It’s recently started to embarrass me how far in advance I have men scheduled while I end up spending Saturdays and Sundays thinking, “Great, what woman am I going to write about for today?” And then I end up seeing that women have died and thought, “Oh, man, I should’ve gotten to her!” Especially since Valerie Harper was given months to live in January 2013; that should’ve bumped her to the top of the list, and I have to admit she wasn’t actually on it. That’s on me. So I’d like to make a concerted effort, now, to bulk up how many women are on the lists, because I’m not doing right by a lot of them.
Honestly, though, I feel as though quite a lot of people missed out on Valerie Harper. I’m not sure I’ve seen more than an episode or two of Rhoda, though I did finally watch The Mary Tyler Moore Show all the way through, back when I was on “M” in The Great Library Project; it’s one of the shows that made me limit myself to putting a single season of a show on hold at a time, actually, along with M*A*S*H. But I don’t feel as though I know enough about her career, and I’m a bit sorry about that. Her appearance on The Muppet Show alone was enough to convince me she was a great talent.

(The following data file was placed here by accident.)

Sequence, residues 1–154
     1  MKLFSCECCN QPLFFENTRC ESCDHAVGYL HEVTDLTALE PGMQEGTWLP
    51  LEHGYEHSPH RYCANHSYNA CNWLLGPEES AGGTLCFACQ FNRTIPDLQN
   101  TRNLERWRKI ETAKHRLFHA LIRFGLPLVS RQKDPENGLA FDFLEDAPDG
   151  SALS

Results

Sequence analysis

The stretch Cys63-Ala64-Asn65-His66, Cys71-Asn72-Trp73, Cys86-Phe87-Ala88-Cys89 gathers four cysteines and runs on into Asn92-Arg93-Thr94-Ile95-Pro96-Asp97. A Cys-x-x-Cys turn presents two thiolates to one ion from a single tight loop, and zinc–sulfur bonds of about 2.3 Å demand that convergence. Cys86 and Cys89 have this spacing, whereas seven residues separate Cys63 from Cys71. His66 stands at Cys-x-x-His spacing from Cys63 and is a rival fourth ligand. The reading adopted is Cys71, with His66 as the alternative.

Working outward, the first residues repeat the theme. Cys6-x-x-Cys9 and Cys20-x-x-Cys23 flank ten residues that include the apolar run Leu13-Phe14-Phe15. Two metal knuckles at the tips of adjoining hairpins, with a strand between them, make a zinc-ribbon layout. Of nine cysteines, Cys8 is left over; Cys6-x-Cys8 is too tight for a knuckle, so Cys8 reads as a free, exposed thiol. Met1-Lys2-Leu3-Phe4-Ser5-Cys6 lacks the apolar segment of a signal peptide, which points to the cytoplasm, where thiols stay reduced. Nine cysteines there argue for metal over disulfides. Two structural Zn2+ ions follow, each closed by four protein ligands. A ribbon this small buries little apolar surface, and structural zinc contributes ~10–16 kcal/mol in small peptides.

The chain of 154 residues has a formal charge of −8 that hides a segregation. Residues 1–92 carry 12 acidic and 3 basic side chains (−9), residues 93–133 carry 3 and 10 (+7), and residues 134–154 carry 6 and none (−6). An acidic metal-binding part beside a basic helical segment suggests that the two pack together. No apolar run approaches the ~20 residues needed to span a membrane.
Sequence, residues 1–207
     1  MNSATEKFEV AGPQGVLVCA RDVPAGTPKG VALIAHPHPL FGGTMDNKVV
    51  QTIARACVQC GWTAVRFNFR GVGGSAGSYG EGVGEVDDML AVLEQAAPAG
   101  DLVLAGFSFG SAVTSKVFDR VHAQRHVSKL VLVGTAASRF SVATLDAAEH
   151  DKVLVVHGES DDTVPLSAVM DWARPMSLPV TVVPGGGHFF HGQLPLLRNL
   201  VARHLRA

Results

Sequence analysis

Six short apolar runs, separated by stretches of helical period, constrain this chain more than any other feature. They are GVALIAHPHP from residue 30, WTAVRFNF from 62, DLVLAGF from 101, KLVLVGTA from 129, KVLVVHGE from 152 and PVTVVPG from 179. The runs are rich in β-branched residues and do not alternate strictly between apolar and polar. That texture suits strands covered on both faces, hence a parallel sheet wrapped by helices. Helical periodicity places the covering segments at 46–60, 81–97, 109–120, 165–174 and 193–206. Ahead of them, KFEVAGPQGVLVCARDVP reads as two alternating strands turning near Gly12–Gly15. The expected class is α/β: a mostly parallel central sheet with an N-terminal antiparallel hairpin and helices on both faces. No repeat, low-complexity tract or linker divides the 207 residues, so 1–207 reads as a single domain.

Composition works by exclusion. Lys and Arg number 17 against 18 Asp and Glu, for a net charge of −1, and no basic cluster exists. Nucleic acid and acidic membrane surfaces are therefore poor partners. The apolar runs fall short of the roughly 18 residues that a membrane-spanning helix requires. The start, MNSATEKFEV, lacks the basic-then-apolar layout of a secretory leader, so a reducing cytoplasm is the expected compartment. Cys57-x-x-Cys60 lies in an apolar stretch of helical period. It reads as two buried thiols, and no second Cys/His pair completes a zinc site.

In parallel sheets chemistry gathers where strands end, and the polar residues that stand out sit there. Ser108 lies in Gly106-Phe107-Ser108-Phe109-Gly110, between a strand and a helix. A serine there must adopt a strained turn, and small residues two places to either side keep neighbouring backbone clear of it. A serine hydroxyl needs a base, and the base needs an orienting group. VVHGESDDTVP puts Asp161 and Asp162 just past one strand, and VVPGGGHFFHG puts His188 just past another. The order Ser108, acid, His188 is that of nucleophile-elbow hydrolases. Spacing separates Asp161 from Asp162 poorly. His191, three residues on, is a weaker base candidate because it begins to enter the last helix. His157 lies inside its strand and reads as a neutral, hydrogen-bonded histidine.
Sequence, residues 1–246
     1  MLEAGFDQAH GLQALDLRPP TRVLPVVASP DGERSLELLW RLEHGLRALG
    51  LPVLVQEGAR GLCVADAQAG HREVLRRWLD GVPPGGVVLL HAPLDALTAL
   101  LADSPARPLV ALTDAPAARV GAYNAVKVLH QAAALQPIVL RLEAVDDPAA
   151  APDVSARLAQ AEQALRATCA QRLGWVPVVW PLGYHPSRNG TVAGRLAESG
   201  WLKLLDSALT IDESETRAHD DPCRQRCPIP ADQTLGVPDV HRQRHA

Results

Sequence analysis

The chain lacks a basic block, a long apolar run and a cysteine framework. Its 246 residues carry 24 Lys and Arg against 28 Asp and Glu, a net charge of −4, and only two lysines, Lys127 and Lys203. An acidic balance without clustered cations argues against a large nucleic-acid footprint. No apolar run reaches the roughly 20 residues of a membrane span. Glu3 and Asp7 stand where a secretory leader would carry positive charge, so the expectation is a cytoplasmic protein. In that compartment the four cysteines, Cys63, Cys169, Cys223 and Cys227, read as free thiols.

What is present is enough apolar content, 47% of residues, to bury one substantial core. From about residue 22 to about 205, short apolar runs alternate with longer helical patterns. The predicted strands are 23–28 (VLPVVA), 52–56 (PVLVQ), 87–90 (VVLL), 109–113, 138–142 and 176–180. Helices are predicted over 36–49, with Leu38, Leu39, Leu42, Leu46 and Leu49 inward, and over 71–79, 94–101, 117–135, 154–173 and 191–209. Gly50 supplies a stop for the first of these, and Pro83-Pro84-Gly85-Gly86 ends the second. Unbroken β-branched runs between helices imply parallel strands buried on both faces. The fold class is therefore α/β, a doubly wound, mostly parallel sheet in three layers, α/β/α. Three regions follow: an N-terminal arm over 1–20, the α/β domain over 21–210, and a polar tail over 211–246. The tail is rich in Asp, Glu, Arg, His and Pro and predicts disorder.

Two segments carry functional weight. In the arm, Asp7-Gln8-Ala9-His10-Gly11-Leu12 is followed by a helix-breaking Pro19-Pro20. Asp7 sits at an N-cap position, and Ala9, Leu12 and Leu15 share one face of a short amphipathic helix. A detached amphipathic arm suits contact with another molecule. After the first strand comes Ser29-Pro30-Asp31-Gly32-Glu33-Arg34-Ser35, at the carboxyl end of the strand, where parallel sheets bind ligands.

She’s also got some pretty great quotes on her IMDb page; she seems to have been a fairly matter-of-fact person in a lot of ways. I kind of want to read I, Rhoda now; I’ve got a weakness for celebrity memoirs at the best of times—some of them are really good, and if I ever wrap up Disney Byways, I might move on to a series on those—and if it’s written in the same sort of voice of the quotes on the page, that’d be a fun book. Though I’d feel desperately like Buddy Cole while I read it, even if I’m not sure that was actually his desert island book in the fantasy sequence where he’s with Dave Foley as Oscar Wilde.
Maybe part of the problem is the whole Women Aren’t Funny thing; it’s a pervasive belief that has, in my opinion, damaged the careers of some really funny women. Because Valerie Harper coule be really funny. Honestly, she’s a lot funnier to me than a lot of really famous male comedians. Including ones with whom she worked. She was also a dancer, and not a bad singer; she got her start on the stage. She had the sort of career that should be talked about more, and she basically isn’t. Which is why she wasn’t on the list, of course.
I’m not always okay with being the Solute’s token obituarist, given how often people seem to die on days when I’ve got a ton of other things to do. (So inconsiderate of them!) “Okay, I’m going to do laundry and make the kids breakfast and write three articles and—oh, Valerie Harper died. Well, I know what I’m doing first!” (Yes, the kids’ breakfast is next!) On the other hand, it does mean that I get around to writing about people I’d never really thought about before, people who should’ve been on the list ages before. Especially when they were diagnosed with lung cancer ten years ago.